Penny you are so lovely! Thank you. As Marvell would say ‘at my back I always hear, time’s winged chariot coming near’ – as I’m only here for a year I am very anxious to make the most of every moment, hence why I pack so much into my days!

      I have read a few pages of Sapphira and it promises to be good, so I hope you pick it up very soon!

  6. Fabulous day out, Rachel and it warms my heart that you’re making friends all over the place! You two sounds like a perfect pairing. And such a lovely outing packed with a mix of fun, food and something educational.

    I’ve been so grateful for the lovely November weather, it seems as though the seasons are shifting a bit. Don’t let your guard down though, Rachel…those frozen eyelashes are coming!

    1. Oh Darlene! You are loveliness itself!

      Since I got here I have made so many lovely new friends – I am so blessed!

      I know – the weather really hasn’t been cold at all. Every time I call home my mum is complaining how dreary and wet and cold it is in England and each time I have been able to say ‘oh, it’s so sunny here!’. I won’t be TOO cocky though Darlene – I know these awful times are coming and I am buying a down coat, don’t worry!

      1. Winter is really not that bad in the Big Apple. I’m from upstate, where it REALLY gets cold, and I always found the city balmy by comparison.

        I’m reminded of when Jenny’s sister(the one we called “Sibyl”)was preparing for a year abroad in Hull (UK). She had a frightful nightmare in which people were telling her that Hull was actually “the third coldest place on earth.” (Not true, as it turned out.)

      2. Mumsy you are funny! I’m glad to hear winter isn’t THAT bad, though I am spending Christmas upstate!!

        Oh Hull isn’t that cold. It is ugly though!

  7. Hehe – Claire beat me to it saying that your meet up was almost at the same time as the others met up in London. Sounds like an excellent day out – I’m glad you’re enjoying yourself so much!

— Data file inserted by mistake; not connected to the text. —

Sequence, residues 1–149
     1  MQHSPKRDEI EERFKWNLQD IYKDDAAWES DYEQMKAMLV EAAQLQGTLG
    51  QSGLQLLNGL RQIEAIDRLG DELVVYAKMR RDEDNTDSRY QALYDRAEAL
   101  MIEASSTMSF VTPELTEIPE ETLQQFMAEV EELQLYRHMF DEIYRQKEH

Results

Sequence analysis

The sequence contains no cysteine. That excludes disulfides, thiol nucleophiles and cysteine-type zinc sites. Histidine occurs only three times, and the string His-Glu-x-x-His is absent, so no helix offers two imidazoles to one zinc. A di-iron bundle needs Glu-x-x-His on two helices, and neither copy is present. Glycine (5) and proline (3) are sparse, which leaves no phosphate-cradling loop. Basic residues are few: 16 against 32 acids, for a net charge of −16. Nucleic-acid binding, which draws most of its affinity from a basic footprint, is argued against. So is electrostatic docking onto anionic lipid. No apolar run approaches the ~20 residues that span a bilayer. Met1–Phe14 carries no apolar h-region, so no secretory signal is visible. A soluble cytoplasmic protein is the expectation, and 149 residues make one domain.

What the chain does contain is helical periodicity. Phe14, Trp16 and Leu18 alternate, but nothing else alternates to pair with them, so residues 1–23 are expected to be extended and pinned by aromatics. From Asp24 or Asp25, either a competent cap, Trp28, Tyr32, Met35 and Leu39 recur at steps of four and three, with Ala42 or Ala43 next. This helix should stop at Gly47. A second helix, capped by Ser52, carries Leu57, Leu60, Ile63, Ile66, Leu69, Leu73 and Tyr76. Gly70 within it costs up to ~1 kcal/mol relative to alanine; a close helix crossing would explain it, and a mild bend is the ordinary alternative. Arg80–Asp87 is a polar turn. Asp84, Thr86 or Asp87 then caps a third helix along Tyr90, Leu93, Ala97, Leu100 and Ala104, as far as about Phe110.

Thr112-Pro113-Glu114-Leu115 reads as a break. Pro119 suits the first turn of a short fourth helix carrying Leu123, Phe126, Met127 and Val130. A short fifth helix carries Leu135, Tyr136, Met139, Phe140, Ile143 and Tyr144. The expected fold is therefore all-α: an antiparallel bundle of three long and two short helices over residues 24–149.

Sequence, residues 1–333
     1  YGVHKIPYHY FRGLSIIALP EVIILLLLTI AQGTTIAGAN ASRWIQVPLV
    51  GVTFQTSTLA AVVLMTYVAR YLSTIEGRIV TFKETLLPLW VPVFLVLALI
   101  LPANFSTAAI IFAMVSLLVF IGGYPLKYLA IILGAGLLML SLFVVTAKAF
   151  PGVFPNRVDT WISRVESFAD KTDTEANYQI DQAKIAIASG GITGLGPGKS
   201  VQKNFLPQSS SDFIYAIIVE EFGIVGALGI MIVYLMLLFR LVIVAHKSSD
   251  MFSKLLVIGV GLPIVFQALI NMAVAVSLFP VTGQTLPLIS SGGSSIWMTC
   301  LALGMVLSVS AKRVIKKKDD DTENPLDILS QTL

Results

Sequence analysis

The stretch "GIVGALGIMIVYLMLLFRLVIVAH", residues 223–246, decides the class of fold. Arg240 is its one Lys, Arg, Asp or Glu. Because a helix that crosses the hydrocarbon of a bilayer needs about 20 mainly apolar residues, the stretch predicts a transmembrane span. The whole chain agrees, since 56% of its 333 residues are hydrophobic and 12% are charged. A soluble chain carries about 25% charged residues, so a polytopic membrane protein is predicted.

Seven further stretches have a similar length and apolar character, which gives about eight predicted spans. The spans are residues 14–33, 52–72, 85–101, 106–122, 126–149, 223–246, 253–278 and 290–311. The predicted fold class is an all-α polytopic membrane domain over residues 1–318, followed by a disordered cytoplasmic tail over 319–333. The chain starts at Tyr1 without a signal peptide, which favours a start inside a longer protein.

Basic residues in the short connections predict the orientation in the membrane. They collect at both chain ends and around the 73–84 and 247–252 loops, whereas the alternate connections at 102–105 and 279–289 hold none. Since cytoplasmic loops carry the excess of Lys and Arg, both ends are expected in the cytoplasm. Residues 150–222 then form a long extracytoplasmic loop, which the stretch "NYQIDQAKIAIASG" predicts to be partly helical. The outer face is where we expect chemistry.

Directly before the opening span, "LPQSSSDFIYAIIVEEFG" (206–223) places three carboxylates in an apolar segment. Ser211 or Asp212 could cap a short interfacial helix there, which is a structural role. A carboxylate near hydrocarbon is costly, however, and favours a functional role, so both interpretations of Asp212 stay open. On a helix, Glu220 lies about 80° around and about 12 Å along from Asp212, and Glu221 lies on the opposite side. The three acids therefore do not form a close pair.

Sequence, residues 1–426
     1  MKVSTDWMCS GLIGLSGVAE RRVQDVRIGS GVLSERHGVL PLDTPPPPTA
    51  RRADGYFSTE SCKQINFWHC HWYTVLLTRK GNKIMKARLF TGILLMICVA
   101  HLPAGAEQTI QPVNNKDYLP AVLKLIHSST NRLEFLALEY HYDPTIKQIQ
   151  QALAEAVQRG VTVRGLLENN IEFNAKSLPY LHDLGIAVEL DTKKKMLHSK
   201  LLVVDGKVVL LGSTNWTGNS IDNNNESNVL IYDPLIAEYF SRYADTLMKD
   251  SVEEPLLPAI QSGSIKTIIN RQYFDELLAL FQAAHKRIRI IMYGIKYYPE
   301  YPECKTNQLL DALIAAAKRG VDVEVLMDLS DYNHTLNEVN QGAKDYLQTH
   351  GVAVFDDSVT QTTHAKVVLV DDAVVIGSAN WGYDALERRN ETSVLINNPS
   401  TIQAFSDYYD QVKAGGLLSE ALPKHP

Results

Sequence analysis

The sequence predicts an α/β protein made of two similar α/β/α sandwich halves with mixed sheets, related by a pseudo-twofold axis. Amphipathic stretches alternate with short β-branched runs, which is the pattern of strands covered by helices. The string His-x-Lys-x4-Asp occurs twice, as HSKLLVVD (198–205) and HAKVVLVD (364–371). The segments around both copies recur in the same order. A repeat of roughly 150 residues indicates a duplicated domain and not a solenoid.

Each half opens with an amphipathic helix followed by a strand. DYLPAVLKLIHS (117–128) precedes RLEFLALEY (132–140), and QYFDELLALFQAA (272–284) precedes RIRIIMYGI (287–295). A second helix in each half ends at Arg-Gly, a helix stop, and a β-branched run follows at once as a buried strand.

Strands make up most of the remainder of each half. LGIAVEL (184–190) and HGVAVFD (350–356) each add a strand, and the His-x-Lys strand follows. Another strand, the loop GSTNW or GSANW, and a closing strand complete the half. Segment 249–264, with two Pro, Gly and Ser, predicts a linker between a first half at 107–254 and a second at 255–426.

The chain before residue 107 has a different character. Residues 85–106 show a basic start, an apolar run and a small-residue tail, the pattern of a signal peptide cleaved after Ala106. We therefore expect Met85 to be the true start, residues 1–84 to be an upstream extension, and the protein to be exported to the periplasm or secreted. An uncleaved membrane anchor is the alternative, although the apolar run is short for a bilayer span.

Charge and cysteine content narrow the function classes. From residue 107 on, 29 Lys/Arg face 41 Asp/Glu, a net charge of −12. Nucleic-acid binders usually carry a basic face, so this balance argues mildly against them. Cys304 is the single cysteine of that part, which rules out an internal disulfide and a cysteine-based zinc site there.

8. I love the Pierpont Morgan library! I went to see it during my honeymoon in 2008 (sans husband; he was doing PhD research at the Columbia archives at the time – yes, on our honeymoon! It was a planned combo honeymoon/research trip.). I thought it was the best thing I saw during my entire trip to NYC. I saw an exhibition about Philip Guston and another about illuminated medieval manuscripts about hunting scenes. It was a fantastic discovery and I’d go back there in a second!

    1. Hi Nadia! Isn’t the Morgan fantastic? I’m glad you’ve had a chance to go. That’s so funny about your honeymoon – but compromise is the key to any successful relationship! Those exhibitions sound excellent – they always seem to have good stuff there that’s a bit different to what anywhere else in New York is offering. I’ll be back again!

  9. That sounds like a really perfect day and was one of the first things I’ve read anywhere that made me with I was in New York. For whatever reason I’ve never been interested in it. Too busy, important and bustling for me, I guess. I wouldn’t fit in and/or it wouldn’t meet the needs I currently have of a “place.” But that sounds like a dream day!